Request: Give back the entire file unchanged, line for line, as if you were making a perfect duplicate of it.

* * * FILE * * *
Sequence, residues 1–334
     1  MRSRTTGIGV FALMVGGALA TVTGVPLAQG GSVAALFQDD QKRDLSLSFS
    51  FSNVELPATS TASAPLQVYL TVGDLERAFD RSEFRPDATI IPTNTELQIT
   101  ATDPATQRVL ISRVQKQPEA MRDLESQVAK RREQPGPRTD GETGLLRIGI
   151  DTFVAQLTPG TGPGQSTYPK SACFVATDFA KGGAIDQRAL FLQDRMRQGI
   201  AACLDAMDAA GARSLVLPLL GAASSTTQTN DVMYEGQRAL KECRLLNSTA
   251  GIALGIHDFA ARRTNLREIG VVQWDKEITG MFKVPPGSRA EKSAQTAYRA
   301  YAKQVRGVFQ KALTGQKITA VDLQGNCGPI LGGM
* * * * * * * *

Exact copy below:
Sequence, residues 1–334
     1  MRSRTTGIGV FALMVGGALA TVTGVPLAQG GSVAALFQDD QKRDLSLSFS
    51  FSNVELPATS TASAPLQVYL TVGDLERAFD RSEFRPDATI IPTNTELQIT
   101  ATDPATQRVL ISRVQKQPEA MRDLESQVAK RREQPGPRTD GETGLLRIGI
   151  DTFVAQLTPG TGPGQSTYPK SACFVATDFA KGGAIDQRAL FLQDRMRQGI
   201  AACLDAMDAA GARSLVLPLL GAASSTTQTN DVMYEGQRAL KECRLLNSTA
   251  GIALGIHDFA ARRTNLREIG VVQWDKEITG MFKVPPGSRA EKSAQTAYRA
   301  YAKQVRGVFQ KALTGQKITA VDLQGNCGPI LGGM